Sam Maruta –
Marou’s Globe-Trotting Madman
Samuel Maruta co-founded Marou in 2010 after a lifetime of eating chocolate and international banking. This interview was conducted in Marou’s workhorse—a Citroen LaDalat wheezed its way up Highway 20 toward a farm in Lam Dong Province.
WHERE ARE YOU FROM?
Panjas, a tiny village in the South-West of France. I’d guess about 400 people lived there when I was growing up.
WAS IT HARD BEING THE ONLY ASIAN KID IN PANJAS?
No it was totally fine; my Asianness was kind of invisible. The community was so small—I was known as the grandson of Albert Destouet whose dad just happened to be Japanese.
WHAT WAS YOUR FIRST EXPERIENCE OF CHOCOLATE?
I remember bread, butter and plain dark chocolate. My grandmother sprinkled a whole bar over a buttered baguette with a cheese grater. It was good….
JUST GENERIC DARK CHOCOLATE?
Well my grandmother just bought dark chocolate in bakeries and grocery stores. But by high school, I’d become a very heavy consumer of Lindt 70%; I went through a bar a day.
I feel like it was one of my first experiences with mass consumption. Suddenly, I was asking my dad to bring home the Lindt as opposed to anything else.
Then Valrhona (a high-end B2B brand in France) began selling tins of chocolate: 18 pieces arranged in little squares. It was outrageously expensive, but my great aunt loved me a lot and would always buy them for me. I still have a lot of those tins because I would eat the chocolate and keep the boxes.
WHAT ABOUT PASTRY?
There was a lot of home-cooking and baking. My grandpa and I were big fans of crepes, which we ate faster than anyone could cook them. On birthdays my grandmother would juggle three or four crepe pans on a single stove.
DID YOUR DAD COOK?
He still cooks! A lot—always Japanese food.
DID HE TAKE YOU TO JAPAN?
I remember three trips…
ANY CHOCOLATE-RELATED MEMORIES?
I left for my second trip at the age of 10. My grandmother made me two of her famous chocolate bar sandwiches. Somehow, one ended up in my suitcase. So after two or three weeks in Hokkaido, I found this piece of really hard bread wrapped up in tin foil with chocolate inside. That moment stands out as one of the best in my life. We’re talking 1984, northern Japan. Chocolate hadn’t become a thing there yet.
SO DOES YOUR CHILDHOOD NOW SEEM, UM, AMAZING TO YOU?
The situation was fairly unusual. I grew up with my dad (who is Japanese) and my maternal grandparents who are French (and born in the 1920s). So I grew up on a French farm in a really old-fashioned way.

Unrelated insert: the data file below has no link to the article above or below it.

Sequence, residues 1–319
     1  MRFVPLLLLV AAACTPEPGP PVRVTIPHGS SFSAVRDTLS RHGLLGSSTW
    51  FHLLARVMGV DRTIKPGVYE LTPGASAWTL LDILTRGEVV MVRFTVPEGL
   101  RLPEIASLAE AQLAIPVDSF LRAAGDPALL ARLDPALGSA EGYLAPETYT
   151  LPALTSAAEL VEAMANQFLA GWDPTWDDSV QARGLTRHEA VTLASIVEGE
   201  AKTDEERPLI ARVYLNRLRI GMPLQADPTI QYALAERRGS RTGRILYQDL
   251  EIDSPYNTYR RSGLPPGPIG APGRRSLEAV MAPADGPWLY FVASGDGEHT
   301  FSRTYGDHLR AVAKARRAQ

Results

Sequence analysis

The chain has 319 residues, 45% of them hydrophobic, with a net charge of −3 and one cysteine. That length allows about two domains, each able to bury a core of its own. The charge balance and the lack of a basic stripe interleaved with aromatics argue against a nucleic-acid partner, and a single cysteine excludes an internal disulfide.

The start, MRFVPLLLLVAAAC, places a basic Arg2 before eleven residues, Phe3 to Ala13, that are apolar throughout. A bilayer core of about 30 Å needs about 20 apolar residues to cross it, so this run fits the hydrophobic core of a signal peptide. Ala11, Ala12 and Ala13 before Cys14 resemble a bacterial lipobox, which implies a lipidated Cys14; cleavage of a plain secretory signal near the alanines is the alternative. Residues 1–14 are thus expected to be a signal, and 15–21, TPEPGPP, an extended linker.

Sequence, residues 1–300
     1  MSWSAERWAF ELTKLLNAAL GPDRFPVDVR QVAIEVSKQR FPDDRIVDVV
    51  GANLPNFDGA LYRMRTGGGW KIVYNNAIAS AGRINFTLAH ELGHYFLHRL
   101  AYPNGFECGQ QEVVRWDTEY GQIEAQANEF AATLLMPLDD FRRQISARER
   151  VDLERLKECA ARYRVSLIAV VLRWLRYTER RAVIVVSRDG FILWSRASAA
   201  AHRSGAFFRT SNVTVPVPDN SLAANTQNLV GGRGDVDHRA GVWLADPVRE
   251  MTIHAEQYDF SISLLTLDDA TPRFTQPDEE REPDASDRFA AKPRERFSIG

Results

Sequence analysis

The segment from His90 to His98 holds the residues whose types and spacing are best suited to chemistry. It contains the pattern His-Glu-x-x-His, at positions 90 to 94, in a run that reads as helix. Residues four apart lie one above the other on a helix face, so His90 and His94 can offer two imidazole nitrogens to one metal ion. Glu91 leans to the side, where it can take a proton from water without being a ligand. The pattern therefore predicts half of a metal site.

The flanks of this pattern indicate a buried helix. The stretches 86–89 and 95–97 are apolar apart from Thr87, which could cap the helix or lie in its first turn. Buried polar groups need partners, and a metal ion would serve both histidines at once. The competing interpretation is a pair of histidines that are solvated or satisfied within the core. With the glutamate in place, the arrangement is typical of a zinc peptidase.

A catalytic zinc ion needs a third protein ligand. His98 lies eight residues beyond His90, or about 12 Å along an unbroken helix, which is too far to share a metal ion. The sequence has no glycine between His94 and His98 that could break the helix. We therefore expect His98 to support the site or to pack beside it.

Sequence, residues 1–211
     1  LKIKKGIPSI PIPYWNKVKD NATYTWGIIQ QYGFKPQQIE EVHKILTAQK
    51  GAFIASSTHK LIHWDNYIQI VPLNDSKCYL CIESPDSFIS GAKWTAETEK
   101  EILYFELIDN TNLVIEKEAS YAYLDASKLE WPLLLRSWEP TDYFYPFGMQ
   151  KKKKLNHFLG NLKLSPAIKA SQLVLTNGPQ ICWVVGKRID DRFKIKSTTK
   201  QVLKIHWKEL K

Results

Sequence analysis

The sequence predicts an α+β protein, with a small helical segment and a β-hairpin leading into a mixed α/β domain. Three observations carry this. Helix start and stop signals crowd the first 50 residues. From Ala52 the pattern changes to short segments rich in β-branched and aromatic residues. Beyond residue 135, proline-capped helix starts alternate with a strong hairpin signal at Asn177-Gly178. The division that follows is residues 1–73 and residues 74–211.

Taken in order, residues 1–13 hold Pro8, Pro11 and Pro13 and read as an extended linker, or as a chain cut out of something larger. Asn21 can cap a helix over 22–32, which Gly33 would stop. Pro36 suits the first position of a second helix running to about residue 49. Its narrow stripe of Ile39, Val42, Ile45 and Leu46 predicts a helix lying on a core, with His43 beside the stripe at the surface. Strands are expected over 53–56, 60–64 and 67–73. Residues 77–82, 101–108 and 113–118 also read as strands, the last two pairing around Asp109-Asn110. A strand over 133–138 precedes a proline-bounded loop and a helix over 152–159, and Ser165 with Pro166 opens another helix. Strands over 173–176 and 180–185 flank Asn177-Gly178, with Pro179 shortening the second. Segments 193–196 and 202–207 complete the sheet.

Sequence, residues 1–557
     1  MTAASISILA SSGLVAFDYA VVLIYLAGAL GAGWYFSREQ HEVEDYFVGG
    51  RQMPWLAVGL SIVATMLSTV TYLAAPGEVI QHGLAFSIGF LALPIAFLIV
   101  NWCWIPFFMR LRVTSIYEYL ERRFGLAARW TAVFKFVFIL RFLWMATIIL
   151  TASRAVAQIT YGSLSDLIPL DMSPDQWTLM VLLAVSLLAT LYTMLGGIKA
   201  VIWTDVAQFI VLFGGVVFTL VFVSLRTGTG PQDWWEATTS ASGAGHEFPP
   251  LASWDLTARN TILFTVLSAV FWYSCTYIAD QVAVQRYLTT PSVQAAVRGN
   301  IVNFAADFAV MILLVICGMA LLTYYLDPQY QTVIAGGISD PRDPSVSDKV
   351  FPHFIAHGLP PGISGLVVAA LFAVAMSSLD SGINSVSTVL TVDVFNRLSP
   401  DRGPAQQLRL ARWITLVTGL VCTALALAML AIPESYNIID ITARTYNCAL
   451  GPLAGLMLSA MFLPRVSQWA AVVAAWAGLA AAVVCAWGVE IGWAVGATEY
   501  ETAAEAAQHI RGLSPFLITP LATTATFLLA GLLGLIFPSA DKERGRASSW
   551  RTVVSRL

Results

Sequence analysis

WHEN DID YOU LEAVE?
At 18 I went to school in Paris.
HOW DID YOU END UP IN VIETNAM?
In Paris I studied at the Institute of Political Science in Paris.
Five of the last six French presidents went to that school.
I had fun, but there was this culture shock. I was very young and stupid. Growing up, everyone I knew was a farmer; nobody had an office job—no one!
So I hung out with a bunch of people who spent the summer of 1995 in Vietnam with Asie Extrême a student association created by families that had some sort of Indochinese connection. Anyway, I joined this association just for the hell of it.
At the end of the year, they sent me and a bunch of other students to Vietnam to teach English. I took an Antonov (one of those Russian planes on Aeroflot) from Paris to Moscow to Hanoi in June 1996. We were in Hanoi for the July 14th reception.
I remember there was this very serious briefing with the heads of the student association who sat us all down and told us: “guys, you’re representing France; you’re representing the association. You’re representing your school…”
We were pretty young and stupid so we went to the July 14th party and got horribly drunk and stole bottles of wine from the buffet. Then we went back to the house we were renting in Hanoi and invited some young Vietnamese people we’d met on the street to come have some of the booze we’d stolen from the embassy.
We partied on the rooftop until the cops came.
WOW, THEN WHAT HAPPENED?
I took the train to Ho Chi Minh City with four or five other volunteers. Then, I got on the bus to Sadec. It was 1996: I had a room in the school with a thermos of hot water (to drink) and a bucket of cold water (to wash myself) and a mosquito net. Oh I also had a tape player for the language classes.